I’m not among those who consider Weezer’s debut their best album, but holy shit is it a great summer listen. The gods invented power pop for summertime, and the blue album’s about as efficient and catchy a work of power pop as exists. It’s no wonder that JEFF the Brotherhood sound more like Weezer with each passing album.

9) Jimmy Cliff/The Harder They Come (July 7, 1972)

So…reggae. Not really my thing, y’know? But summer is definitely reggae’s natural home, and Jimmy Cliff in general and this soundtrack in particular are as good as it gets. You can keep your Bob Marley tapestries. I’ll be over here listening to “Many Rivers to Cross” at 2 a.m. in my living room after getting home from the bars. Plus the album cover is fantastic:

8) Guns N’ Roses/Appetite for Destruction (July 21, 1987)

I think we’re contractually obligated to include this album on any music-related list. But even so, I mean…Jesus Christ. Just listen to the opening riffs of “Sweet Child O’ Mine” and “Paradise City.” Why are we even arguing about this?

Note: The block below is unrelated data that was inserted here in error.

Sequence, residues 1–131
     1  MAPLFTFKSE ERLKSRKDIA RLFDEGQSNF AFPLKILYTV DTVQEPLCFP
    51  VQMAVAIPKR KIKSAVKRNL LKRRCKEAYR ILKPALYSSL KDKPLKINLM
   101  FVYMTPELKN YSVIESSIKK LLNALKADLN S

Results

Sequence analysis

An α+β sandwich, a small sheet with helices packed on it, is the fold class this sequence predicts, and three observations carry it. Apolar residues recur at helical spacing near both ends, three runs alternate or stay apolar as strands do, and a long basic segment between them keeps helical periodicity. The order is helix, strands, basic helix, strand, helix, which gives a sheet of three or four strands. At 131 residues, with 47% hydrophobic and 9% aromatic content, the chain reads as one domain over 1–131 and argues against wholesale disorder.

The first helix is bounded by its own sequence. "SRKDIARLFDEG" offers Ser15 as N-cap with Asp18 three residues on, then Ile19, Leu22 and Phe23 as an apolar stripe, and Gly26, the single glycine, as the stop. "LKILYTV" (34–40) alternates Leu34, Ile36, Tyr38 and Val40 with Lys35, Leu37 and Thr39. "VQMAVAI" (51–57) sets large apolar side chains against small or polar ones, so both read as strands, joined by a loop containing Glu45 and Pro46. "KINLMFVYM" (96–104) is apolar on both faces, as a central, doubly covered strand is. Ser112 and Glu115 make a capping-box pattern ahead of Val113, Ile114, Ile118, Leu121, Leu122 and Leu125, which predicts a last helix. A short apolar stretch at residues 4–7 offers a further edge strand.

7) Free Energy/Stuck on Nothing (May 4, 2010)

Free Energy is unabashedly devoted to bringing back the best of ’70s AM radio. They play music equally well suited to big stages at sweltering music festivals and cramped back corners of sweaty clubs. There might not be an album from the last decade that more evokes the nostalgia and freedom of summer.

6) Rolling Stones/Exile on Main Street (May 12, 1972)

A sprawling, inclusive, beautiful mess of an album that provides an ideal soundtrack for parties and road trips. There’s a song for every mood. “Rocks Off” and “Rip This Joint” provide the push and thrust and swagger to get your night started. “Happy” and “All Down the Line” are perfect background songs. “Sweet Virginia” and “Shine a Light” take over when it’s time to chill out, decompress, and contend with that unique remorse that appears in your stomach at the end of an out-of-control summer night.

5) Girl Talk/Feed the Animals (June 19, 2008)

Just listen to the first five seconds of “Play Your Part (Pt. 1).”